- Short-lived climate pollutants
- Our work
- Our partners
- Resources for action
- News & Events
- The Coalition
The World Resources Institute (WRI) is the latest non-governmental organization to join the Climate and Clean Air Coalition (CCAC) to reduce short-lived climate pollutants.
Short-lived climate pollutants, which include methane, black carbon, tropospheric ozone, and hydrofluorocarbons (HFCs), are many times more powerful than carbon dioxide at warming our atmosphere. Some are also dangerous air pollutants that cause millions of premature deaths and chronic illness every year. Their short lifespan in the atmosphere (from weeks to decades) means actions to reduce them can quickly improve air quality, reduce warming, and help achieve global climate and sustainable development goals.
WRI will support Coalition partners deliver stronger emission reduction pledges to the Paris Agreement, along with accompanying long-term economic and social benefits, through more effective reduction of SLCPs.
Our 700 experts, working in 50 countries will work to advance [the CCAC's] agenda, and we will use our leadership roles in the Greenhouse Gas Protocol, the NDC Partnership and the New Climate Economy to make the case for accelerated actionAndrew Steer
In joining the Coalition, President and CEO of the World Resources Institute Andrew Steer said: “Short-lived pollutants are dangerous, misunderstood and too often neglected. Yet they have caused more than half of the human-caused global warming in modern times. The CCAC is doing superb work in accelerating action, and WRI is delighted to join this successful Coalition. Our 700 experts, working in 50 countries will work to advance this agenda, and we will use our leadership roles in the Greenhouse Gas Protocol, the NDC Partnership and the New Climate Economy to make the case for accelerated action.”
WRI plans to focus on three areas:
Helena Molin Valdés, Head of the UN Environment-hosted Climate and Clean Air Coalition Secretariat, welcomed WRI to the Coalition, saying it had a lot to offer partners and will help support meaningful action to reduce short-lived climate pollutants.
“Since its inception in 1982, WRI has built a reputation for delivering impacts based on objective evidence and high-quality analysis – a base from which it can build on for greater impact in the future. WRI has a record of developing innovative partnerships with businesses, national and city leaders, financers, and community advocates to develop powerful solutions. The Coalition partners look forward to working together on enhancing capacities to implement the Nationally Determined Contributions with added ambition on addressing short-lived climate pollutants.”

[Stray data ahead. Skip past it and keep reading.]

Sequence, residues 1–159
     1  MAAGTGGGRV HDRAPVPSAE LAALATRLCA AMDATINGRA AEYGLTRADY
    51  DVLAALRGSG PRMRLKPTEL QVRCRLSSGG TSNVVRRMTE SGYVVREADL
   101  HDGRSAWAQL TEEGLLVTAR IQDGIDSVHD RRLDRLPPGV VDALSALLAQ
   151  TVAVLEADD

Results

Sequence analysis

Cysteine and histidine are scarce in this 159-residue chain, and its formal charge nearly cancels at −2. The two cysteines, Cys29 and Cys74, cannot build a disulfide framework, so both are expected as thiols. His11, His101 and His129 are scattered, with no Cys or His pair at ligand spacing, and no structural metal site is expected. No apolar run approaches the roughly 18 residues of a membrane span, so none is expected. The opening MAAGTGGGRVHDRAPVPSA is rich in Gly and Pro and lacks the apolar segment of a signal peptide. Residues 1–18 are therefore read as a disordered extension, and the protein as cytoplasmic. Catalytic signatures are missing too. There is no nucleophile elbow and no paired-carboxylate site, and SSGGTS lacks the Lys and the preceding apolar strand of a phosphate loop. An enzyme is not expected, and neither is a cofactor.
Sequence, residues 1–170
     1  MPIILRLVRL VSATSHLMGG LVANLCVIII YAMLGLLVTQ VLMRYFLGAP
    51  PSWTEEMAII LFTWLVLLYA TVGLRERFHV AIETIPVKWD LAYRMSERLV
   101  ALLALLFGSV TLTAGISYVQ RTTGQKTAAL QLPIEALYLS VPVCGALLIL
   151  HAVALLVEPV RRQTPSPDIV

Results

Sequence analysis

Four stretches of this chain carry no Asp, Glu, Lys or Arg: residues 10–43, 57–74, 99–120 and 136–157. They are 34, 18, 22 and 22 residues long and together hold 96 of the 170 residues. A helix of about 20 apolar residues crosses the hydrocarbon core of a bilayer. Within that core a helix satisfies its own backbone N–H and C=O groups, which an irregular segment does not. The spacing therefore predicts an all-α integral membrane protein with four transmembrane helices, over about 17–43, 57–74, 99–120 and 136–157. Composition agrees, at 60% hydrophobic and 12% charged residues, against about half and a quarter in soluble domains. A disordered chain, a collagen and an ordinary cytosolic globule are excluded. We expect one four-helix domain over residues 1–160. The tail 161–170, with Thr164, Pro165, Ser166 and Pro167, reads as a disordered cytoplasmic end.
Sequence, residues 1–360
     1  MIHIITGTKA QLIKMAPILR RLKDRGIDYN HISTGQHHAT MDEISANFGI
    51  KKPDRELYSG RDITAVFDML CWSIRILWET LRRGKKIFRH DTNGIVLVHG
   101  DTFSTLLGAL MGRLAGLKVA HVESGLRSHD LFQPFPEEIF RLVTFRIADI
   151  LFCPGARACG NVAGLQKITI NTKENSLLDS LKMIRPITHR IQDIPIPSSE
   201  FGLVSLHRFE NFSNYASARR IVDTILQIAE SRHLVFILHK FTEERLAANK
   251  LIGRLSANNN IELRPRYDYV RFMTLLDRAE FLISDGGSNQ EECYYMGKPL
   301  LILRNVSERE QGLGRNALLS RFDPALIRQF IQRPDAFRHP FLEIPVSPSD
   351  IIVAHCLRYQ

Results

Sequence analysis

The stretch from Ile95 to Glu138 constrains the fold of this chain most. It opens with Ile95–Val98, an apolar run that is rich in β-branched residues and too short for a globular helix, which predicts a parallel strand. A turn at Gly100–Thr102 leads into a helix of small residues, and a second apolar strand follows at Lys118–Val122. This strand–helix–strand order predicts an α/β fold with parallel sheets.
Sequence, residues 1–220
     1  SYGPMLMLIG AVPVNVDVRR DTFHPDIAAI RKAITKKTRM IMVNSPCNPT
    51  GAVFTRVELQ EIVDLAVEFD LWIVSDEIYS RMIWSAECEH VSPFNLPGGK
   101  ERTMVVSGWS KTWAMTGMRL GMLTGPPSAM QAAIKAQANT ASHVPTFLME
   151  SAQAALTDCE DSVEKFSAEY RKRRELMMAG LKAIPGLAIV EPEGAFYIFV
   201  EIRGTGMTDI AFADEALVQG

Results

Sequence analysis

WRI’s work is organized around critical goals that the world must achieve this decade in order to secure a sustainable future, many of which are contingent on the ability to effectively control and reduce short-lived climate pollutants.
WRI has participated in the UN Global Compact since 2003 and launched the Greenhouse Gas Protocol with the World Business Council for Sustainable Development since in 1998. WRI is accredited to UN Environment and the UN Economic and Social Council (ECOSOC), and is an admitted NGO to the UN Framework Convention on Climate Change (UNFCCC).
WRI is a global research organization that turns big ideas into action at the nexus of environment, economic opportunity and human well-being. Read more about our mission.
Tiy Chung, Communications Officer, Climate and Clean Air Coalition. Phone: +33 1 44 37 14 21; Mobile: +33 6 26 71 79 81; Email: email@example.com
Beth Elliott, Communications Officer, World Resources Institute. Phone +1 202 829 7840; Mobile +1 301 357 0981; Email: firstname.lastname@example.org
Our Expert Assistance is a no-cost service that connects you to an extensive network of professionals for consultation and advice on a range of short-lived climate pollution issues and policies.
Experts will provide guidance on technological options, mitigation measures (like those carried out by our initiatives), funding opportunities, application of measurement tools, and policy development.